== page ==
Years ago the paperless office was expected to be the office of the future. In practice it still turns out to be a utopia to function without paper at an office, also because rules and regulations require this from organisations. Other technological developments in the meantime are pushing another phenomenon into our lives: the contactless office. In this article we will look into a few of the most recent developments.
Training processes cost time. They need to be planned, and assessing participants’ progress is also difficult and time-consuming. In the future, however, the use of immersive technology may make all this faster and more effective. Immersive technology is a combination of actual reality and virtual and augmented reality (VR and AR). When these three realities are applied, employees will be able to acquire new knowledge faster in the future. Researchers think that this approach can save over 50% of time. An example of a company that is currently already very active in this field is STRIVR from California.
The Corona pandemic has speeded up our transition to meeting in virtual space rather than in person. We have gained quite some experience by now, seeing both advantages and disadvantages. We save travelling time, but we also miss non-verbal communication, sitting side by side and looking each other in the eye. The future will inevitably see more virtual meetings, and when VR and AR are applied some of the current disadvantages may be alleviated.
We already know the smart digital assistants offered by various companies, such as Siri, Alexa, Google Assistant, etc. In the future these so-called chatbots will become an integral part of our office environment. The application of Artificial Intelligence (AI) already enables these chatbots to take over some activities of our employees. One example is a chatbot that can estimate how much damage has been caused to a car on the basis of photographs.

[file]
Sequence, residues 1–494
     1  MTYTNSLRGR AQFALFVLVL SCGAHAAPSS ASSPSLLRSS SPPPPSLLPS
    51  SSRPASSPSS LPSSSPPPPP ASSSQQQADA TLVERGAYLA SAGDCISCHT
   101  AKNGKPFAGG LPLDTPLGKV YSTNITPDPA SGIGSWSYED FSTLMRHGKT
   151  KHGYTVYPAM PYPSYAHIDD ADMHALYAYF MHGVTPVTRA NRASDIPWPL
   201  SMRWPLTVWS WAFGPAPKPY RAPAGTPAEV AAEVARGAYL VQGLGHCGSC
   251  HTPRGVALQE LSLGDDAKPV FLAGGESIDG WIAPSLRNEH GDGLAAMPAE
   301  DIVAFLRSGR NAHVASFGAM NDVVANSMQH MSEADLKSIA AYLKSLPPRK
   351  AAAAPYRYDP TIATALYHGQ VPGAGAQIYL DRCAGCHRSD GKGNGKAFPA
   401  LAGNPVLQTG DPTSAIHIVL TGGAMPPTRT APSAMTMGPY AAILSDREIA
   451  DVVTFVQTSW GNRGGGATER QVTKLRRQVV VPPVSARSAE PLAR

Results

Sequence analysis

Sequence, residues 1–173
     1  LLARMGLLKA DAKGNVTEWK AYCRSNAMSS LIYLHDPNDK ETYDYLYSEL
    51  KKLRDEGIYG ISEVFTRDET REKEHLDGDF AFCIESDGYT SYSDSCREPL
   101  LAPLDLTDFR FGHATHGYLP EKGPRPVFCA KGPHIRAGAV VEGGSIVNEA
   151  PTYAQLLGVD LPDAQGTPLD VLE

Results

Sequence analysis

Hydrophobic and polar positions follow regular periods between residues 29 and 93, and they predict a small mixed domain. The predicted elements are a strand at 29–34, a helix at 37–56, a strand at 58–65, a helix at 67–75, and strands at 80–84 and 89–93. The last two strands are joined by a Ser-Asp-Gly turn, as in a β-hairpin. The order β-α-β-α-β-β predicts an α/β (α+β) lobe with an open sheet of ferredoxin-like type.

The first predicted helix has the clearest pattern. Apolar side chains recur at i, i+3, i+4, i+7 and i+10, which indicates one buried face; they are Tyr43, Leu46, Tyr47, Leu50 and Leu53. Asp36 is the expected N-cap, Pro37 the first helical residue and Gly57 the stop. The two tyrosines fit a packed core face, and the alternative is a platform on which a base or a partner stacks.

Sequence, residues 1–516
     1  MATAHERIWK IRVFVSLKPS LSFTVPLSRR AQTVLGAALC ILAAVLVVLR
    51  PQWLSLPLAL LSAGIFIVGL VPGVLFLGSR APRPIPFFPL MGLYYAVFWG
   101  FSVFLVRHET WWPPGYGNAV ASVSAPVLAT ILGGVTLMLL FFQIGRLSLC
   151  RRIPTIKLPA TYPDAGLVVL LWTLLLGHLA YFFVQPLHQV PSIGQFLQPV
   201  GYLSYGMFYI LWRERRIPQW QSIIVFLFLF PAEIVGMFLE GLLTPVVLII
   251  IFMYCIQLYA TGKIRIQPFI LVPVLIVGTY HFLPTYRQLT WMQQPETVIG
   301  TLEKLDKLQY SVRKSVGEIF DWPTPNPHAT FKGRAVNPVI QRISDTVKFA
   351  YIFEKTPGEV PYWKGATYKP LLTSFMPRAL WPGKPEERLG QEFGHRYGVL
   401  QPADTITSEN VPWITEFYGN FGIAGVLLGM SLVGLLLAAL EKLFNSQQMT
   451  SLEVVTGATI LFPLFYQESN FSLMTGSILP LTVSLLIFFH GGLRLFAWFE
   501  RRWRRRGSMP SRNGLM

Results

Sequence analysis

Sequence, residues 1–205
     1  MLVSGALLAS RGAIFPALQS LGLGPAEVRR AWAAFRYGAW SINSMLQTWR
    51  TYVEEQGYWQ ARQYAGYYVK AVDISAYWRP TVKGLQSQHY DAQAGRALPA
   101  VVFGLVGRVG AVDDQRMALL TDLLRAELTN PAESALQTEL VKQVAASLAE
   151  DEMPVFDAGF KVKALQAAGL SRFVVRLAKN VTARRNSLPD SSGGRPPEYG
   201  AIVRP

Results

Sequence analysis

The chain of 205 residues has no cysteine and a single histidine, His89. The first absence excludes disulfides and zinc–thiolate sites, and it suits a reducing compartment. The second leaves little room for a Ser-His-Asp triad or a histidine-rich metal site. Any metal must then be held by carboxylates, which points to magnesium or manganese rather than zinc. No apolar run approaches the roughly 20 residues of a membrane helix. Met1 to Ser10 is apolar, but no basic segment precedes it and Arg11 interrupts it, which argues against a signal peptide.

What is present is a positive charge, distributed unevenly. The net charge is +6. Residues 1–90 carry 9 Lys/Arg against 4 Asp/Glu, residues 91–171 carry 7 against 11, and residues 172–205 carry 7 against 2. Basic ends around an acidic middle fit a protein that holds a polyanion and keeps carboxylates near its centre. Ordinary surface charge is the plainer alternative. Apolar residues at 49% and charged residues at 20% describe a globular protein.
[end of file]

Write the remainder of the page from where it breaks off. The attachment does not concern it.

The Corona pandemic has taught us that reducing the allocated square metres per person in an office as we have done in the past decade is not the way to go. Work spaces used to be over 1.8m2, whereas they are 1.4m2 now. Work spaces are bound to become larger in the future, also due to the fact that employees will be given more flexibility in working times and styles. Moreover, routine activities and in due course even more advanced activities could be executed by smart assistants or chatbots.
Internationalisation of the work force
Across Europe more than 40% of employees are working from home, and the expectation is that this number will only go up in the future. This opens up new vistas for both employers and employees. Employers can attract employees regardless of location, and employees no longer need to limit themselves geographically when looking for a job. Developments such as DaaS, Desktop as a Service, contribute to this. DaaS is a cloud solution with which an organisation can offer virtual desktops on any device at any location.